By James Wong

Whether they are hogging the road in front of you, or swerving unnervingly close to your car when you’re both straddling lanes, taxi drivers are a strange conundrum that is not easily explained.

Bad habits usually are simply just that – bad, but at many times harmless. But bad driving habits in taxi drivers are amplified many times over because they spend so many hours on the road with no true competent driver to tell them where they’ve gone wrong. So when wrongdoing festers, it mutates into something honestly ugly. That, is my theory anyway, why they have the strangest habits in the motoring world.

Today I got to see first-hand for myself what a typical taxi driver is like. I could finally see why they needed to take two lanes, why they road hog, and why they are so darn reckless. My taxi uncle was the driver equivalent of Buddha. His shiny forehead, hands which held to the steering wheel like a dainty handkerchief, ever-smiling face and laid back seating position all were tell-tale signs. I was going to experience some twisted sort of taxi nirvana. Finally, all the mysteries of taxi drivers solved.

Actually, I only solved it partially. I did find out why they take two lanes. That’s because they want to ‘stake their claim’ in two territories – the option of going forward, as well as the option to filter to the slower lane just to show that they’re considering it. It is no simplistic coincidence that they are right in the middle, purposely indecisive. They want to have everything and lose nothing – a typical Singaporean trait.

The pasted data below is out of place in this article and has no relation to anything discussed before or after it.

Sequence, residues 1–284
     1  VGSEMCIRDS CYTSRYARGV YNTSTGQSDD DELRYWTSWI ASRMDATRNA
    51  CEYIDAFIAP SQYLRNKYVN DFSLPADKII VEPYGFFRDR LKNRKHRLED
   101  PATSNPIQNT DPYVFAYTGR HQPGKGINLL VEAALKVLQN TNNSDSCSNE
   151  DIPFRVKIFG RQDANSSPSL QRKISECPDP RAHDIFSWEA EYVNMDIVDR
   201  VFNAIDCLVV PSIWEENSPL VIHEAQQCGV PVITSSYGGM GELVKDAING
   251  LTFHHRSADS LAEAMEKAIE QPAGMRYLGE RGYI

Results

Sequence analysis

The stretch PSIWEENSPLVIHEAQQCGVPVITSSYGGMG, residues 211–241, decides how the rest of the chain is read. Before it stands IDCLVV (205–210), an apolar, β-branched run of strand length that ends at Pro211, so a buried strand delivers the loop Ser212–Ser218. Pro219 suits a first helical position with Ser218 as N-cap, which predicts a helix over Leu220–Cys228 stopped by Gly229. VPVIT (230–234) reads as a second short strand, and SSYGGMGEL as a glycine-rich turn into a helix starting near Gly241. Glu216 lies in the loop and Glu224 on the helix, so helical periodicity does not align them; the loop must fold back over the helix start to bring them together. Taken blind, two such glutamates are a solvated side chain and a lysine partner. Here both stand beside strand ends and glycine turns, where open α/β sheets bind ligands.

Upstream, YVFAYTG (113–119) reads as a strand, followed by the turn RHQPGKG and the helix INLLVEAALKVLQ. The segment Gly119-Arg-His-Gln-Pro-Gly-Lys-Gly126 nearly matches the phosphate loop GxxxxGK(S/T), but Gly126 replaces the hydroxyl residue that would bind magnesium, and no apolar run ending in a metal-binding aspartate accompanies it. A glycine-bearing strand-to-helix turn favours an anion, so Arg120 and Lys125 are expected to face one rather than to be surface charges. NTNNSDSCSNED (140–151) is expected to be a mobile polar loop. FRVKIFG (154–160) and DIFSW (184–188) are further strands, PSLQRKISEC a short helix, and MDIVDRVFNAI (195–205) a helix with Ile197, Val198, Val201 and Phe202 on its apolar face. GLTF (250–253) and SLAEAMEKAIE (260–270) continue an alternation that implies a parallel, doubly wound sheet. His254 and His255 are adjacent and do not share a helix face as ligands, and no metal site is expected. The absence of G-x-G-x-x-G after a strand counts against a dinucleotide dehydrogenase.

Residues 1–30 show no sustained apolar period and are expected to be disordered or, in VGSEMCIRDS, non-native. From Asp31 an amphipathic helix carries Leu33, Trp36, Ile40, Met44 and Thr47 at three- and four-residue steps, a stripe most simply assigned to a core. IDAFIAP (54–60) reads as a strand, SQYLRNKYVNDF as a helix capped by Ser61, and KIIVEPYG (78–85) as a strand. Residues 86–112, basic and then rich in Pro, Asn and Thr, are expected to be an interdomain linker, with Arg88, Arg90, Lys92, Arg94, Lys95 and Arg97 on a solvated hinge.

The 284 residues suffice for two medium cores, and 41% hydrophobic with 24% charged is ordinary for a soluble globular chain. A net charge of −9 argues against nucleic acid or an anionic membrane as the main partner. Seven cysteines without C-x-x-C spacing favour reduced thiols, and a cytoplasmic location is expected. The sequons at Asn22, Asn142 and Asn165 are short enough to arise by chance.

So why do they road hog? For the uncle in his retro sunglasses (therefore impeding his good vision to filter left), humble Hyundai (reduced high speed stability) and with 93.3 FM playing, 90km/h is plenty fast for him. He does not see the need for others to go any faster than that, or the hassle to change lanes for others. In other words, he’s just plain selfish, just like any human being. They are just less road aware and more self gratifying. Their satisfaction is all that matters to them. They fail to realise that the road is a public thoroughfare, not a private one.

The other mystery is the on-and-off throttle inputs, which make many a passenger dislodge their innards before the end of the journey. This I attribute to a fuel-saving measure in a bit to depress as little throttle as possible – much like running a tap on drips rather than as a flow. It doesn’t work though, I think, and taxes the automatic gearbox.

One new trait I noticed today is the dabbling of steering from left to right and back again. In a gentle swaying motion that does the car nor its passengers no good at all. This I cannot explain. This is just plain stupid. Just like putting the automatic transmission to neutral at the lights. Or braking in a series of jerks to preserve the brake pads. All stupid.

Like I said, bad habits become ingrained characteristics that don’t shed easily. Next time you see a taxi driver doing any of the above, do your nation a favour and educate them a little bit about motoring. It really helps, of course, if you ride in one to see one in action.